The Zionist Conspiracy
Monday, January 10, 2005
Rabbi Reinman On Israel And The Non-Orthodox
Rabbi Yaakov Y. Reinman, perhaps still sensitive about criticism he received in charedi circles about One People/Two Worlds, the book he co-authored with Reform rabbi Ami Hirsch, writes a bizarre screed on Cross-Currents.
The post starts off sensible enough, with Reinman expressing the view that Israel must cede Judea, Samaria and Gaza because "it is clearly impossible to keep these people subservient forever. Regardless of the quality of life we might provide for them, we cannot hold them against their will indefinitely. It is historically impossible." While I don't completely agree and believe Israel can retain parts of Judea and Samaria without continuing to control the Palestinian masses, the opinion stated is a legitimate one.
Reinman then mentions Israel's demographic problem, another important issue, but starts heading in a bizarre direction when he writes that we should prepare for the possibility of a bi-national state "in a generation or two. We must work toward ensuring that if there will be a transition to a multi-national state, it should happen without bloodshed."
When leftist "intellectuals" or Europeans mention the idea of dismantling Israel and replacing Israel with a bi-national state, we properly object strongly. There is no reason to respond differently when the idea is given legitimacy by a charedi author.
Having read the Reinman-Hirsch book, I thought Reinman was very persuasive except when it came to Israel. He clearly has problems with Zionism and Israel's formation. As I posted five days after this blog's formation:
One interesting but rarely discussed aspect of One People/Two Worlds, the controversial Reinman/Hirsch book:
While Hirsch takes a pro-Zionist stance, with political views akin to Labor or Meretz, Reinman wonders whether the Jews would have been better off with a bi-national state rather than the State of Israel.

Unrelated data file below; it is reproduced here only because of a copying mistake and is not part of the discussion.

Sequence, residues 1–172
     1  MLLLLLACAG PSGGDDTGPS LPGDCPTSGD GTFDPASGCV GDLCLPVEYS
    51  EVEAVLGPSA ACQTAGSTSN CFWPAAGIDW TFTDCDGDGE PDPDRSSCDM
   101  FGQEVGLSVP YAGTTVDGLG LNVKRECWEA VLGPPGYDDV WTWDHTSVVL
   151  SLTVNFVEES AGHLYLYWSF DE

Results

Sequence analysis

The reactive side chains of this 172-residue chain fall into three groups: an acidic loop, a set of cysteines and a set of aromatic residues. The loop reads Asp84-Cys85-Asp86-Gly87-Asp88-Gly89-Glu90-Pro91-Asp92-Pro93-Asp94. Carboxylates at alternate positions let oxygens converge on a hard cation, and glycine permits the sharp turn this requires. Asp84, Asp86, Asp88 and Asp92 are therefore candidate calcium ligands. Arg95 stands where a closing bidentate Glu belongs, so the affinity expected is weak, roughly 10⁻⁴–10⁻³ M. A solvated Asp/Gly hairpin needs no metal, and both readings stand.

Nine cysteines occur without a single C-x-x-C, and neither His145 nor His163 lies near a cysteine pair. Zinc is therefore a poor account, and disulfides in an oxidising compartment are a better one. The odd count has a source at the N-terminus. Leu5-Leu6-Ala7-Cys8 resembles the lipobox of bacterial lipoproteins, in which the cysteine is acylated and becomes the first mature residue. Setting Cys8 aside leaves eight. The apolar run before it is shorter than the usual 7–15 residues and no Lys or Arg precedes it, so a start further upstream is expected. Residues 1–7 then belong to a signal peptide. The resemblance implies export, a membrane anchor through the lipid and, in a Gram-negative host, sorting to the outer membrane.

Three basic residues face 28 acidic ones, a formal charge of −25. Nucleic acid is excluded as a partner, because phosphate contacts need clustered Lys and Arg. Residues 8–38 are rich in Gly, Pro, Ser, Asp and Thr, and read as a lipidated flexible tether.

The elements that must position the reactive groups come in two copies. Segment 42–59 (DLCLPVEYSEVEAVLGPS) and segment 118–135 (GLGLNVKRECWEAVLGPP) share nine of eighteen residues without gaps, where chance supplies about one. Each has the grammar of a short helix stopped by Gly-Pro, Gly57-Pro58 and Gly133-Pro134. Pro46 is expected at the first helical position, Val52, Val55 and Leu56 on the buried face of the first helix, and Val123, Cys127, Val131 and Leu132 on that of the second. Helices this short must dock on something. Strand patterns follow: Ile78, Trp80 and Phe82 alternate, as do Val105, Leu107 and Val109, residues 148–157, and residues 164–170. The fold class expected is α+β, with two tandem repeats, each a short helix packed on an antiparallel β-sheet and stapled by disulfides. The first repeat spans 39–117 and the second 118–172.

While Reinman's views may represent dogma of charedi groups such as Agudah, they do not represent the vast majority of the Orthodox, including the charedim, almost all of whom recognize that the situation of Jews in Eretz Israel is far superior today that it was under the British or the Ottoman Empire, and is certainly preferable to living under Arab sovereignty, as would have occurred under an ostensibly bi-national state which would have had no right of return for Jews, and therefore no mass influx of Sephardim in the 1950's, resulting in a much smaller Jewish population than there now is.
The latter portion of Reinman's post goes off the deep end, when he writes:
The situation in the Middle East presents us with a good analogy for the internal situation of the Jewish people. The liberal streams seek pluralism. They want peaceful coexistence with the Orthodox. But for the Orthodox, the Conservative and Reform are our Naqba. It is an unmitigated disaster for the Jewish people that these ersatz creeds occupy large swaths of Jewish ideological territory. And much as the people that profess adherence to these creeds are our dear and beloved brothers and sisters, we want nothing more than to drive these creeds into the sea...
Yes, we want to bring down the citadels of Conservative and Reform. They are an affront and a travesty. It does not matter that people are perhaps more likely to return to Judaism through these streams than if they had been completely secular. It is not our role to play G-d. These usurpers are occupying sacred ground, and we must expel them.
Perhaps Reinman is looking for shock value, but the manner in which he expresses himself is quite offensive. First of all, the situation in the Middle East is not a good analogy for the internal situation of the Jewish people. I also doubt that too many Orthodox Jews view themselves, in their ideological battle with the Reform and Conservative, as akin to Palestinian extremists looking to drive their adversary into the sea. So the analogy is not only itself wildly off base, it is disgraceful in its comparison of us to the world's most vile murderers.
Second, Reinman could easily have made the point that, in his opinion, there must be complete rejection not only of pluralism on an ideological level, but of Reform and Conservative Judaism and its institutions on a day-to-day level. That's an extreme point of view that I don't agree with (and the fact that plenty of Orthodox Jews - with rabbinic approval - teach at non-Orthodox day schools convinces me that I'm right), but it could be made with sensitivity.
Instead, Reinman absurdly refers to "driv[ing] these creeds into the sea" and says that "these usurpers are occupying sacred ground, and we must expel them." One would think that the Orthodox actually have the ability to finish off the non-Orthodox movements, which claim a large majority of affiliated Jewry in North America.
If the Reinman post gets any attention, all it will accomplish is to unnecessarily drive non-Orthodox Jews further away from traditional Judaism, and perhaps into the sea of Jewish abandonment. A non-observant Jew who reads the post will be disgusted with Reinman's venom and believe his or her suspicions about charedi attitudes toward the non-Orthodox to have been validated.